It is important to note that electronics may not be considered equipment for insurance purposes. Items like computers, laptops, mobile phones, and other electronics may be considered business contents.

#3 What Are Business Contents?

Business contents cover a range of items not covered under equipment or inventory. Whether your business is an office, a factory, a retail store, or a restaurant, your business contents will be worth a considerable amount of money. Here are some of the items that could be considered business contents:

  • Laptops & smartphones
  • Point of Sales terminals
  • Printers and photocopiers
  • Desks, chairs, and other office furniture
  • Restaurant tables, chairs, and bars

These items can be insured either at actual cash value or replacement costs. Replacement cost coverage means the insurer will provide you with funds to replace your business contents with the same or similar items at their present-day price. Actual cost value coverage means that the insurer will pay the present-day value of your specific business contents, accounting for depreciation. It is important to know which kind of coverage you have, as the size of your reimbursement can differ considerably.

Supplies are generally considered business contents. Supplies can include everything from paper clips to printer ink to computing and printing systems. Supplies are just as essential to running your business like equipment, but are considered under a different category for tax deductions and should be listed separately in your insurance claim.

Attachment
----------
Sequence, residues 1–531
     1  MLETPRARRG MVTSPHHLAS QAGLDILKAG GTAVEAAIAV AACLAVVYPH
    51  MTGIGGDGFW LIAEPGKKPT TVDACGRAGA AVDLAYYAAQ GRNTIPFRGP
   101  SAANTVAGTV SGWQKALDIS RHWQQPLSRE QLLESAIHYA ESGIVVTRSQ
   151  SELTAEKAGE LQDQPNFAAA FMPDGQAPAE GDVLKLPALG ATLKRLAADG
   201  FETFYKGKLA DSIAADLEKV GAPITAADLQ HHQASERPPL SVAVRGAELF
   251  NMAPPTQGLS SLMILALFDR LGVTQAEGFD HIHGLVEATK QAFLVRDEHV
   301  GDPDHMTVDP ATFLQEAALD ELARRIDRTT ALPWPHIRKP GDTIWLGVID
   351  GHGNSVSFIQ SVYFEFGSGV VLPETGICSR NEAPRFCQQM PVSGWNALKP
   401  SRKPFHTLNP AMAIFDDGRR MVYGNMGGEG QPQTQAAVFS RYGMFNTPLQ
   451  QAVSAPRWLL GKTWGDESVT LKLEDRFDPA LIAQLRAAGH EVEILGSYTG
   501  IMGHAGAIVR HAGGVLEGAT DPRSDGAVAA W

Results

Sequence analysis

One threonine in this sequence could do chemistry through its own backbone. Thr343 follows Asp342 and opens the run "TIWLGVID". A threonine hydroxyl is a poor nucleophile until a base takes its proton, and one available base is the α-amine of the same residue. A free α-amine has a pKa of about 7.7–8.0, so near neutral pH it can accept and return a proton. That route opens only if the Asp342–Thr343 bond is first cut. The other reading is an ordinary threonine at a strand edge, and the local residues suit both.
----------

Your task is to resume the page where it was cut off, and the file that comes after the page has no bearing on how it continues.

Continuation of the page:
It can help to consider how long you expect to use supplies vs. equipment. While equipment is usually intended for long-term use, supplies are short-term. Whereas equipment depreciates on your balance sheets, supplies would be expensed.

It is also important to note that supplies are purchased for business purposes only, not for personal use. Personal items belonging to the business owners or employees may not be covered under business insurance.

Business Contents vs. Business Interruption Insurance

Business contents coverage is typically part of a broader business policy of insurance, which may also encompass business interruption insurance. Business interruption insurance covers:

  • Lost revenue during your period of rebuild and recovery, and potentially supplemental revenue while your business gets back on its feet if you have extended coverage
  • Revenue lost due to a property loss affecting your suppliers, customers, or a leader property
  • Ordinary business expenses which continue during the period of rebuild and recovery

Another section of your business insurance policy covers the repair and rebuilding costs to the structure of your business.

If you are uncertain about how to navigate your business insurance claim after a flood or fire, we’re here to help businesses and individuals affected by flooding. Explore our website to find more resources on business insurance and the steps you can take to make sure your business gets back on its feet. Talk to your accountant about calculating expenses and create a business plan for getting your operations back to normal. Your business insurance policy can help you rebuild your business and replace valuable contents, equipment, and inventory.